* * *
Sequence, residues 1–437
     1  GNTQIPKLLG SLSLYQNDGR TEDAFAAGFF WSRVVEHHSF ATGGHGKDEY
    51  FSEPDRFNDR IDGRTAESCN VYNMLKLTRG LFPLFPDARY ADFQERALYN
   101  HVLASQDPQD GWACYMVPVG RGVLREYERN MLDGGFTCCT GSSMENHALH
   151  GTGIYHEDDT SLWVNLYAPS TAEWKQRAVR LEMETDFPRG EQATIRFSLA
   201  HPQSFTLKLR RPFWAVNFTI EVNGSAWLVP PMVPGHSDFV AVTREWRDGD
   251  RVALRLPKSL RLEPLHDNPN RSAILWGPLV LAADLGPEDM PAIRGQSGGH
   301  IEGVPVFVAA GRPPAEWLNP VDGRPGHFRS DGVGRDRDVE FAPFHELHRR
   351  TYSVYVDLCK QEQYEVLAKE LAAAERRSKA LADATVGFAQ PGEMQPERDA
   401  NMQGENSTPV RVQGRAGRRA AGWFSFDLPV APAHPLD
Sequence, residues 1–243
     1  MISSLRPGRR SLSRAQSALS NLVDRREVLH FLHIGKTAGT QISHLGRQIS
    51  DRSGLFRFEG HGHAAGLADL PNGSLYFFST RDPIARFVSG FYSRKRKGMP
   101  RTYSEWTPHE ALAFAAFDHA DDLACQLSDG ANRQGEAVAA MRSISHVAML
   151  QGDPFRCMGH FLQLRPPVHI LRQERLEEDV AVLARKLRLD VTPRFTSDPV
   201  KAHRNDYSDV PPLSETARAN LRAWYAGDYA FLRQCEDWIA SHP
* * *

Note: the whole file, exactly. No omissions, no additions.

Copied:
Sequence, residues 1–437
     1  GNTQIPKLLG SLSLYQNDGR TEDAFAAGFF WSRVVEHHSF ATGGHGKDEY
    51  FSEPDRFNDR IDGRTAESCN VYNMLKLTRG LFPLFPDARY ADFQERALYN
   101  HVLASQDPQD GWACYMVPVG RGVLREYERN MLDGGFTCCT GSSMENHALH
   151  GTGIYHEDDT SLWVNLYAPS TAEWKQRAVR LEMETDFPRG EQATIRFSLA
   201  HPQSFTLKLR RPFWAVNFTI EVNGSAWLVP PMVPGHSDFV AVTREWRDGD
   251  RVALRLPKSL RLEPLHDNPN RSAILWGPLV LAADLGPEDM PAIRGQSGGH
   301  IEGVPVFVAA GRPPAEWLNP VDGRPGHFRS DGVGRDRDVE FAPFHELHRR
   351  TYSVYVDLCK QEQYEVLAKE LAAAERRSKA LADATVGFAQ PGEMQPERDA
   401  NMQGENSTPV RVQGRAGRRA AGWFSFDLPV APAHPLD
Sequence, residues 1–243
     1  MISSLRPGRR SLSRAQSALS NLVDRREVLH FLHIGKTAGT QISHLGRQIS
    51  DRSGLFRFEG HGHAAGLADL PNGSLYFFST RDPIARFVSG FYSRKRKGMP
   101  RTYSEWTPHE ALAFAAFDHA DDLACQLSDG ANRQGEAVAA MRSISHVAML
   151  QGDPFRCMGH FLQLRPPVHI LRQERLEEDV AVLARKLRLD VTPRFTSDPV
   201  KAHRNDYSDV PPLSETARAN LRAWYAGDYA FLRQCEDWIA SHP